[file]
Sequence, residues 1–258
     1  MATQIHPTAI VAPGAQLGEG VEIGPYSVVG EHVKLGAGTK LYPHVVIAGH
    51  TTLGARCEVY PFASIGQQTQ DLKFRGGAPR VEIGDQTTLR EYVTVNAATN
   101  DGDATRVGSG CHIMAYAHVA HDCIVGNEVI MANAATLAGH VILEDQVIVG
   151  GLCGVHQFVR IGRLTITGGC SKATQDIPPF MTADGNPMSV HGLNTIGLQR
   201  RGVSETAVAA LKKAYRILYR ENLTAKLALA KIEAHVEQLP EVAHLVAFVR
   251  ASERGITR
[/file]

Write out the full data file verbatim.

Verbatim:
Sequence, residues 1–258
     1  MATQIHPTAI VAPGAQLGEG VEIGPYSVVG EHVKLGAGTK LYPHVVIAGH
    51  TTLGARCEVY PFASIGQQTQ DLKFRGGAPR VEIGDQTTLR EYVTVNAATN
   101  DGDATRVGSG CHIMAYAHVA HDCIVGNEVI MANAATLAGH VILEDQVIVG
   151  GLCGVHQFVR IGRLTITGGC SKATQDIPPF MTADGNPMSV HGLNTIGLQR
   201  RGVSETAVAA LKKAYRILYR ENLTAKLALA KIEAHVEQLP EVAHLVAFVR
   251  ASERGITR